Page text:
The received wisdom in British poultry circles is that campylobacter is a problem that emerges only once the birds reach a minimum of three weeks, suggesting that it is something that comes in from the external environment.
But this was challenged at the BVPA meeting by Prof Margie Lee from the College of Veterinary Medicine at the University of Georgia, USA.
Work by her research team has revealed that campylobacter can, in fact, be detected in day-old chicks, and even in the yolk of fertile eggs.
“Most scientific papers say that you can only isolate campylobacter in birds from about three weeks of age,” she told the meeting. “That certainly seems to be the case when samples are taken from the caecum or faeces.
“But we took samples from the ileum and found we could detect campy even from day-old chicks. We don’t normally look for campy in the ileum, but when we did we found it.”
Prof Lee’s research involved taking day-old chicks from a breeder flock that had been treated with the antibiotic fluoroquinolone, making sure they had had no access to food or water since hatching.
Once euthanised, yolk and intestinal contents were removed and tested for campylobacter.
While it was not possible to cultivate colonies of campylobacter from these samples using traditional culture techniques, using the polymerase chain reaction (PCR) method to amplify the DNA, the researchers were able to find campylobacter DNA in the ileal, cecal and yolk contents.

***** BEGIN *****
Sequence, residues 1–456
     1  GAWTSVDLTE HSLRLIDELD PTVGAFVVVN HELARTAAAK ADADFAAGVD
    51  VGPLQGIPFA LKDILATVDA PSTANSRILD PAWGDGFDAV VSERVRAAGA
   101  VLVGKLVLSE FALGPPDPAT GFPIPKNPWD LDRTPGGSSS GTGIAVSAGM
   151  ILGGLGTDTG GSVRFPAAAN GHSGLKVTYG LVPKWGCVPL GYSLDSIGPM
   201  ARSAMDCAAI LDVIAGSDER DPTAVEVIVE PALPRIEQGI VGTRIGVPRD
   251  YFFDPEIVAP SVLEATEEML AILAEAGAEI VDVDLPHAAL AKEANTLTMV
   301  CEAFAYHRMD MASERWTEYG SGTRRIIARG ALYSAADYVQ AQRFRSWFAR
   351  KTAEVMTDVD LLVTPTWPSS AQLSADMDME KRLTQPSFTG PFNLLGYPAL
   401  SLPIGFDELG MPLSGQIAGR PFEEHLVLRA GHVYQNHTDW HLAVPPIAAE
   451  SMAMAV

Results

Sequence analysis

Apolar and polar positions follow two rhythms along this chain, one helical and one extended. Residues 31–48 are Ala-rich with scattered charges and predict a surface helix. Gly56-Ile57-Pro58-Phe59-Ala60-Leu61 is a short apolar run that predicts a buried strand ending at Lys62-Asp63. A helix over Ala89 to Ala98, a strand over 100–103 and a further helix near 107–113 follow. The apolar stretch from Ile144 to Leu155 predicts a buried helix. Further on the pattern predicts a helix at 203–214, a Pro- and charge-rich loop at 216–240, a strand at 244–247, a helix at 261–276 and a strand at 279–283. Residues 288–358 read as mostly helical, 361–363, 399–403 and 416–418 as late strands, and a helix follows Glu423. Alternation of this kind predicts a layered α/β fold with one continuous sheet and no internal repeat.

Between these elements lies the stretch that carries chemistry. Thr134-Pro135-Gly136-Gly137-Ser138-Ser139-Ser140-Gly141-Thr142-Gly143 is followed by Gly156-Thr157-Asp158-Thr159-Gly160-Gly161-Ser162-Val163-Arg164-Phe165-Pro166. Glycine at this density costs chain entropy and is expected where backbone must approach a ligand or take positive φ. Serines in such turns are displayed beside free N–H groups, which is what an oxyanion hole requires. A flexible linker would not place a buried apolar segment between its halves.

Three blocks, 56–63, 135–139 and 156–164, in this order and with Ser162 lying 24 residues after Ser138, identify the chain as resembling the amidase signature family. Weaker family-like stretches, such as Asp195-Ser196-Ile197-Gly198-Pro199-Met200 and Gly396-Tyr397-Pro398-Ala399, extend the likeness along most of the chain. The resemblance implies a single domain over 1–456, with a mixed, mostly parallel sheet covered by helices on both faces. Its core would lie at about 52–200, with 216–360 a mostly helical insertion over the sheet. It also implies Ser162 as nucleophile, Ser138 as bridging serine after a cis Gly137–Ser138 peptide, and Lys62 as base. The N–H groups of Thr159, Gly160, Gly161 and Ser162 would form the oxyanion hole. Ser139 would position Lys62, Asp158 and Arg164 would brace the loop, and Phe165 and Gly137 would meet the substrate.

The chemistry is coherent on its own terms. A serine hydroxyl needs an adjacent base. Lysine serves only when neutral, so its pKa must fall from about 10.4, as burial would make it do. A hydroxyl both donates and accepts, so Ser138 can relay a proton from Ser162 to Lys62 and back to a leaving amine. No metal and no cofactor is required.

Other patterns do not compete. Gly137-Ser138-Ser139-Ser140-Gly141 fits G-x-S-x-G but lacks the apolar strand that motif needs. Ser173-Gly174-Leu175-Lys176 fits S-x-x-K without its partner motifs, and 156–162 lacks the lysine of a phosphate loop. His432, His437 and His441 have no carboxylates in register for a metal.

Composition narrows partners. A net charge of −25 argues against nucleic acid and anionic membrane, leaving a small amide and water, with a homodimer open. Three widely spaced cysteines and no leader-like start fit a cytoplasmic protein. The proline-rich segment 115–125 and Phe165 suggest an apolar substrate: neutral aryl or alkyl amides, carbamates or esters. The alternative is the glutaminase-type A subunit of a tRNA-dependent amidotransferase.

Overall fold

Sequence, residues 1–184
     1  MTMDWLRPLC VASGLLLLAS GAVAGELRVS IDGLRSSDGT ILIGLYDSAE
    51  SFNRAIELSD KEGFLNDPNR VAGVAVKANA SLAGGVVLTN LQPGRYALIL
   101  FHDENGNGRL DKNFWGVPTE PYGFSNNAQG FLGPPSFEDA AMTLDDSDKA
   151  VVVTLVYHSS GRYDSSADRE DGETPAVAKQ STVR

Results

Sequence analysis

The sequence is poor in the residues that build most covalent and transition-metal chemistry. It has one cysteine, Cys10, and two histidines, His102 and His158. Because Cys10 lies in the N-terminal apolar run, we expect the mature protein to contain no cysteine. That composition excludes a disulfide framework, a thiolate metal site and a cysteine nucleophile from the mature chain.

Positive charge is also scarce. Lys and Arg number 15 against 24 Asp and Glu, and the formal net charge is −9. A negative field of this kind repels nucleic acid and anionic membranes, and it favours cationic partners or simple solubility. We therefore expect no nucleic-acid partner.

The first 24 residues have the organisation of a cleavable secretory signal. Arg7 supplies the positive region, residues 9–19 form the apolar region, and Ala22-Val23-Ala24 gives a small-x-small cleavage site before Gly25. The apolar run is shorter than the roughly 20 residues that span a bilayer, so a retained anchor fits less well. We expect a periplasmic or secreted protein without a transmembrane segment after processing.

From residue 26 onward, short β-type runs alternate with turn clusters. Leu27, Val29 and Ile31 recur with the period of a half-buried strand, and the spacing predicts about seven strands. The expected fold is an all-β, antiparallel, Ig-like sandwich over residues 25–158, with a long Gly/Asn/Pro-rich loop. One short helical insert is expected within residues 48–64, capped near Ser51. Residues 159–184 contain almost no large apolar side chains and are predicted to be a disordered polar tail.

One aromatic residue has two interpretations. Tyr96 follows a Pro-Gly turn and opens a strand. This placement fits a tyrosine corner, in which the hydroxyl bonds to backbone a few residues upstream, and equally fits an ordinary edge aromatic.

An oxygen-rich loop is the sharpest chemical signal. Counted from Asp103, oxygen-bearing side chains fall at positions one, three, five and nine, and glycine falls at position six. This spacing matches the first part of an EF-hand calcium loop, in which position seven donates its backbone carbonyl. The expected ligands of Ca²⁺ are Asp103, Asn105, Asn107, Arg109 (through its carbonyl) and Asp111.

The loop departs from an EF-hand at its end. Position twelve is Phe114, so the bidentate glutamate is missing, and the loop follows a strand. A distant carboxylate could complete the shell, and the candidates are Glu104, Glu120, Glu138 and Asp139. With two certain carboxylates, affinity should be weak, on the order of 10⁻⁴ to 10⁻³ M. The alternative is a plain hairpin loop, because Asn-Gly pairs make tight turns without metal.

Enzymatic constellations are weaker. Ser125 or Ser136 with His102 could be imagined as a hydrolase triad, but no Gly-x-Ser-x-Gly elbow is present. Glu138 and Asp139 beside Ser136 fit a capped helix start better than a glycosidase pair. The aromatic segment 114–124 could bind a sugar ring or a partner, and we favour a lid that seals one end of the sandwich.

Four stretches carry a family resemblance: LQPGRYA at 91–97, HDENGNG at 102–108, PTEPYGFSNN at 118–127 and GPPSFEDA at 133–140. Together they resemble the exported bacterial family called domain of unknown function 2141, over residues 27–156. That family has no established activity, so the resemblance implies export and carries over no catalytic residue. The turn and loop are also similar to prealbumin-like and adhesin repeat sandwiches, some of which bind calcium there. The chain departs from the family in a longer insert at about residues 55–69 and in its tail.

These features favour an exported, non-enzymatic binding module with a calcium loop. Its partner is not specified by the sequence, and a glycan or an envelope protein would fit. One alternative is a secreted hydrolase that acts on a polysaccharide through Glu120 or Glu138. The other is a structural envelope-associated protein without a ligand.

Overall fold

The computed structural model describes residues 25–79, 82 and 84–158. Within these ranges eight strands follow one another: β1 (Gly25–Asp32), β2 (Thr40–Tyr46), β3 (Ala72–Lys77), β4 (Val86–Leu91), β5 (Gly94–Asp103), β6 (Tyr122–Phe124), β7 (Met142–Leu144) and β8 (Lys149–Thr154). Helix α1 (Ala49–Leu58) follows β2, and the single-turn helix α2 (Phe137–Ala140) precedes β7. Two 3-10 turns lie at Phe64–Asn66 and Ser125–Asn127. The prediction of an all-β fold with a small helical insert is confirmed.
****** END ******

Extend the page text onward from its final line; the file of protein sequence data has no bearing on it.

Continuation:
The DNA was almost identical to that of C coli, C jeuni and C lari, Prof Lee explained, indicating that campylobacter can be present in the intestines of very young chicks before they have eaten or drunk.
The implication was that, either the bacteria were present on or in the shell at time of hatching, or that there was some degree of vertical transmission involved. After all, it was known that C jeuni could colonise the oviduct of hens and could be cultured from the semen of roosters.
A further study was conducted by the University of Georgia team to see if the same strains of bacteria were present in a flock of broiler breeders and in their six-week-old progeny on separate commercial broiler farms.
The broiler breeders had been given fluoroquinolone, and the researchers sought to establish if the same fluoroquinolone-resistant campylobacter strains were found in their progeny.
This was indeed the case, suggesting that the campylobacter strain may have come from a common source in the hatchery or in the breeder flock.
Dr Lee acknowledged that vertical transmission was a controversial idea, but it was certainly possible that it played a part – and there was no doubt that campylobacter was present from a very early stage, if you knew how and where to look for it.